The Stone (a philosophy-oriented opinion column in The New York Times) recently published two arguments related to free will. On July 22, Galen Strawson, a professor of philosophy at Reading University, presented the idea of determinism to his readers. In short, determinism is the idea that everything is causally linked to prior events. Because one cannot control the infinite influences of genetics, culture, and history, it is impossible for one to declare that one has free will. The choices that a person makes depends on an innate selection of preferences that a person already has, and that innate selection of preferences also depends on another set of preferences, and so the sequence regresses. Strawson agrees that this “reality” about the universe does not change anybody’s opinion about free will and one’s responsibility felt towards one’s actions (he includes himself as an ultimate disbeliever), but simply believing free will is real does not make it so.
However, the Stone published an opposing argument on July 25th – a mere three days later. Before readers could wrap their minds around Strawson’s theory about free will, William Egginton, a professor at Johns Hopkins University, presented the fact that free will is at the forefront of everyone’s lives. Egginton explains that humans have a tendency to explore beyond what their senses can understand. This trait is good since we as a species have grown to understand more about our surroundings, but this quality also leads to projection and sensationalism among us. People are quick to make assumptions and draw conclusions about facts presented to them. For example, the New York Times itself sensationalized a “finding” of dark matter when in reality, the “discovery” was no more important than levels of dark matter found by accident.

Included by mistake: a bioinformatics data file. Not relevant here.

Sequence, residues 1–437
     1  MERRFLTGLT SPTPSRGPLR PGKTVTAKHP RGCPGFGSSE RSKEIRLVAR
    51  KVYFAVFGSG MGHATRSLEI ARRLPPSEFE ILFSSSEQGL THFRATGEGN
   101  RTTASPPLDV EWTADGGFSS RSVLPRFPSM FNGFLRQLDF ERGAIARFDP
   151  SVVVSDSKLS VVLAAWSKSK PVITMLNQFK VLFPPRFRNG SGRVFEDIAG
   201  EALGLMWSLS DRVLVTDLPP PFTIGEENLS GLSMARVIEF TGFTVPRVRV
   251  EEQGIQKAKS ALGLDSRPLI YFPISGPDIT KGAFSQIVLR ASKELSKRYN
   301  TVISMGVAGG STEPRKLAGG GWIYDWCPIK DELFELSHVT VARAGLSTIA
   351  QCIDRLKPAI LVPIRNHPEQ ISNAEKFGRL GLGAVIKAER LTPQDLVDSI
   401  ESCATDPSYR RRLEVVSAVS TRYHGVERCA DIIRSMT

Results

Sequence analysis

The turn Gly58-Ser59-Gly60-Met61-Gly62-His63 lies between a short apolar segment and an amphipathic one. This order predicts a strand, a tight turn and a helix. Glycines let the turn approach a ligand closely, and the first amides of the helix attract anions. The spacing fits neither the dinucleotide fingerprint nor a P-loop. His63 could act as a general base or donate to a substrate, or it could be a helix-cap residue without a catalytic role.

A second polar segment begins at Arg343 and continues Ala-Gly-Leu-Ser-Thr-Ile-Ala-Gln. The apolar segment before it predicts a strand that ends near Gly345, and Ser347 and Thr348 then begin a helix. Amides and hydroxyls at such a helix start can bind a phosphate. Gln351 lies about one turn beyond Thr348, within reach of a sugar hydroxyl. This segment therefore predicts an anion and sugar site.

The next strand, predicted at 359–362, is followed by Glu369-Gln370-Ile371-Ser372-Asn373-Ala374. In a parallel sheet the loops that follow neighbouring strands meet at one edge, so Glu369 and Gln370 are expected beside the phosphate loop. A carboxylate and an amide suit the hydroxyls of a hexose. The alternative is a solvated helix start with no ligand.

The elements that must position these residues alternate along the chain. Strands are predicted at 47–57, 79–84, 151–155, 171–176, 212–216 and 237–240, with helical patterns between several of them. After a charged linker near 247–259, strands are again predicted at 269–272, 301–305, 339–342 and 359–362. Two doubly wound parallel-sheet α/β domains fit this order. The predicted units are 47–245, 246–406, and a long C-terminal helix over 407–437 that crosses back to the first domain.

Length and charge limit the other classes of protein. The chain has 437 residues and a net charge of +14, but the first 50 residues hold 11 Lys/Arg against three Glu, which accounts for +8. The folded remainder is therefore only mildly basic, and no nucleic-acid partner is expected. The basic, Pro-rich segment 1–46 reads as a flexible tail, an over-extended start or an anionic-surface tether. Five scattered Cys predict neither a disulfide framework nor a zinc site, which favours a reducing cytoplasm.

Egginton described an experiment where monkeys “were taught to respond to a cue by choosing to look at one of two patterns.” The computer that was hooked up to the monkeys then determined the decision the monkeys were about to make a few fractions of a second before the monkeys’ eyes looked at the pattern. The scientists declared that because the monkeys were not taking time to weigh any options, the computer could predict the decisions that the monkeys were about to make.
Egginton asks, but were the computers really able to predict such decisions? Egginton argues that these computers were not predicting decisions; they were merely presenting the neural processes that led up to the monkeys making decisions. This makes sense if one considers the processing speed of computers. They generally perform functions (especially simpler ones) faster than human brains do. One could guess that these computers also work faster than monkey brains, so the computer was just offering the processes faster than the monkey. It was not extrapolating what the monkey would do before it would do it; it was only giving a readout of what the monkey had already decided a little bit faster than the monkey itself. No decisions were technically being made by the computer for the monkey.
Egginton finishes by saying that humans have free will whether they like it or not. They are prisoners of freedom not because they can choose but because they must choose.